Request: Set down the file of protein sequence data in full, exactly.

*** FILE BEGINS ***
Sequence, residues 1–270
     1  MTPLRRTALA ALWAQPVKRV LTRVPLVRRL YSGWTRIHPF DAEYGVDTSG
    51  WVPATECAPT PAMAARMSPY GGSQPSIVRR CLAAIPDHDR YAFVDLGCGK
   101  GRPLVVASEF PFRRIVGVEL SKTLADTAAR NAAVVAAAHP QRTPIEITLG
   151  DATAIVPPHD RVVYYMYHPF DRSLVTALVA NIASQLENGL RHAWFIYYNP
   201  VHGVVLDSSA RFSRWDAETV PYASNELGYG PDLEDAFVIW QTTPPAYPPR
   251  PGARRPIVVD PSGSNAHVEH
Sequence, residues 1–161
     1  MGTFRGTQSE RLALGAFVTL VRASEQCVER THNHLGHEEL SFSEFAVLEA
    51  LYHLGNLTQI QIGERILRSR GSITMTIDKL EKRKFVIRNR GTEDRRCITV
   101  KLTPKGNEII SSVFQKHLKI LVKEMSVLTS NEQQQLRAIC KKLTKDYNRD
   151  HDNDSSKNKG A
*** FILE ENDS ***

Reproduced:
Sequence, residues 1–270
     1  MTPLRRTALA ALWAQPVKRV LTRVPLVRRL YSGWTRIHPF DAEYGVDTSG
    51  WVPATECAPT PAMAARMSPY GGSQPSIVRR CLAAIPDHDR YAFVDLGCGK
   101  GRPLVVASEF PFRRIVGVEL SKTLADTAAR NAAVVAAAHP QRTPIEITLG
   151  DATAIVPPHD RVVYYMYHPF DRSLVTALVA NIASQLENGL RHAWFIYYNP
   201  VHGVVLDSSA RFSRWDAETV PYASNELGYG PDLEDAFVIW QTTPPAYPPR
   251  PGARRPIVVD PSGSNAHVEH
Sequence, residues 1–161
     1  MGTFRGTQSE RLALGAFVTL VRASEQCVER THNHLGHEEL SFSEFAVLEA
    51  LYHLGNLTQI QIGERILRSR GSITMTIDKL EKRKFVIRNR GTEDRRCITV
   101  KLTPKGNEII SSVFQKHLKI LVKEMSVLTS NEQQQLRAIC KKLTKDYNRD
   151  HDNDSSKNKG A